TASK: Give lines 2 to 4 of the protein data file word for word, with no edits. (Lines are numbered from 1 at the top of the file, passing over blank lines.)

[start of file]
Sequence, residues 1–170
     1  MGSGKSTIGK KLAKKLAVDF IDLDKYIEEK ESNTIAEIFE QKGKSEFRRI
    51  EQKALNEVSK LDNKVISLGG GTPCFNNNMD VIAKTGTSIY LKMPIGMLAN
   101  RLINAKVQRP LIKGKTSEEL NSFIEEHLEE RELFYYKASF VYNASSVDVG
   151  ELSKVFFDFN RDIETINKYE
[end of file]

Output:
     1  MGSGKSTIGK KLAKKLAVDF IDLDKYIEEK ESNTIAEIFE QKGKSEFRRI
    51  EQKALNEVSK LDNKVISLGG GTPCFNNNMD VIAKTGTSIY LKMPIGMLAN
   101  RLINAKVQRP LIKGKTSEEL NSFIEEHLEE RELFYYKASF VYNASSVDVG